(HealthDay)—A substantial proportion of children with diagnosed HIV infection might not be receiving the recommended frequency of medical care, according to a study published online Oct. 5 in Morbidity and Mortality Weekly Report.
Mary R. Tanner, M.D., from the U.S. Centers for Disease Control and Prevention in Atlanta, and colleagues analyzed data from the MarketScan Multi-State Medicaid and MarketScan Commercial Claims and Encounters databases (2010-2014). They used International Classification of Diseases, Ninth Revision, Clinical Modification diagnostic billing codes to identify children younger than 13 years with a diagnosis of HIV infection. This resulted in Medicaid and commercial claims cohorts of 163 and 129 children, respectively.
The researchers found that 60 percent of children in the Medicaid cohort were retained in care for the first 24 months and that of these, 93 percent were retained in care through 36 months. In the commercial claims cohort, 69 percent were retained in care to 24 months, and of these, 85 percent were in care at 36 months. Age ≤1 year was associated with decreased odds of retention in care in the commercial claims cohort, while a Medicaid eligibility categorization of blind/disabled individual or foster care child was associated with improved odds of being retained in care.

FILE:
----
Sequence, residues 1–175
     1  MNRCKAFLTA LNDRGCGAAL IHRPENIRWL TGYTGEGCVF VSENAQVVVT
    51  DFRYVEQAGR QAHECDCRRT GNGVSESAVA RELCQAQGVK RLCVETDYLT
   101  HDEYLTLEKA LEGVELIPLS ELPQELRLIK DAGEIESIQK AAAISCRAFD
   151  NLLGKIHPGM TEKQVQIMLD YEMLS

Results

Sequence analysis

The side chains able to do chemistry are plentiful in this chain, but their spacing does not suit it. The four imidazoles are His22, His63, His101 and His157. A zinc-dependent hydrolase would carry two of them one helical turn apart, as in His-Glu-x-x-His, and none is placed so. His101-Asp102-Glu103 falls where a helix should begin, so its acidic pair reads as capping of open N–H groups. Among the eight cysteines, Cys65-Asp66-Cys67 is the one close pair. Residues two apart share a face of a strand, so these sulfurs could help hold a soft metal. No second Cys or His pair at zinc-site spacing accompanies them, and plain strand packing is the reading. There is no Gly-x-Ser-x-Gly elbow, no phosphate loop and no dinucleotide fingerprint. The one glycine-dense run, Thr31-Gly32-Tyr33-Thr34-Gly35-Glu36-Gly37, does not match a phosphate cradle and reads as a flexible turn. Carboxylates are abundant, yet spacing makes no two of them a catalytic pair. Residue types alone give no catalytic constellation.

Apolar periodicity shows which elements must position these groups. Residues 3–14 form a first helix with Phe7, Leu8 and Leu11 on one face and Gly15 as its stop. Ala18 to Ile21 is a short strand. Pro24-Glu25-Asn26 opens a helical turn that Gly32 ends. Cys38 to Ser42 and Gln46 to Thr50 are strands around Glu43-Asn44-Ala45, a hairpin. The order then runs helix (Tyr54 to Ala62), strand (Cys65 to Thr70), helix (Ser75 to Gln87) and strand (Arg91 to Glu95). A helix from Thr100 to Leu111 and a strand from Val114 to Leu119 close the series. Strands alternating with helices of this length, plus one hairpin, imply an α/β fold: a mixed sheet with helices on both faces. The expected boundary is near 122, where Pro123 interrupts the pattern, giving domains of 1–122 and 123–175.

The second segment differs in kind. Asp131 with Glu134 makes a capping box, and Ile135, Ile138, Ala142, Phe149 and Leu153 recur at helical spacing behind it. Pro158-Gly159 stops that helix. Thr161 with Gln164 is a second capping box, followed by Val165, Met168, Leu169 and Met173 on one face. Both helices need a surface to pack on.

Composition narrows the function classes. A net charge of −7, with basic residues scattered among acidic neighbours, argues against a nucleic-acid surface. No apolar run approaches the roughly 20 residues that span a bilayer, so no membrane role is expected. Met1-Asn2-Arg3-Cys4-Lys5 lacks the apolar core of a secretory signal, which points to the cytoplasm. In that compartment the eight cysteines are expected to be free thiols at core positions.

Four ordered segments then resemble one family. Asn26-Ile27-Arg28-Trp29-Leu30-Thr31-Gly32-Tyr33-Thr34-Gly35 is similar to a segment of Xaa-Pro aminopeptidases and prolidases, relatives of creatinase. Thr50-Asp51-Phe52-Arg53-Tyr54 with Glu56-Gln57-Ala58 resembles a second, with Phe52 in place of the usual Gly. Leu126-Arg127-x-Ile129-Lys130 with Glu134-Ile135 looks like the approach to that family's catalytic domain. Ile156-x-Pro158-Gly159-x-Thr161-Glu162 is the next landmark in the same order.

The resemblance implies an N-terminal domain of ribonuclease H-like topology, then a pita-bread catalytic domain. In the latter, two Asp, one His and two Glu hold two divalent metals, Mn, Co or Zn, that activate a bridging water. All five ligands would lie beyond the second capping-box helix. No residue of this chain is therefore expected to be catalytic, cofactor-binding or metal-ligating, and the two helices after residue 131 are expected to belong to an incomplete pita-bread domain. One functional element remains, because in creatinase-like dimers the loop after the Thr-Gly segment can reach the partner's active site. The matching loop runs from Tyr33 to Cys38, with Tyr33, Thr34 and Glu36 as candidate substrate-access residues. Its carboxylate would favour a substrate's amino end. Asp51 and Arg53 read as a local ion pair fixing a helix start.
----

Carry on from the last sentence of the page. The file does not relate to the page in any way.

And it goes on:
"A substantial proportion of the medically vulnerable population of children with diagnosed HIV infection might not be receiving the recommended frequency of medical care. Further investigation into the causes of nonretention in pediatric HIV care is indicated to identify possible areas for public health action," write the authors.
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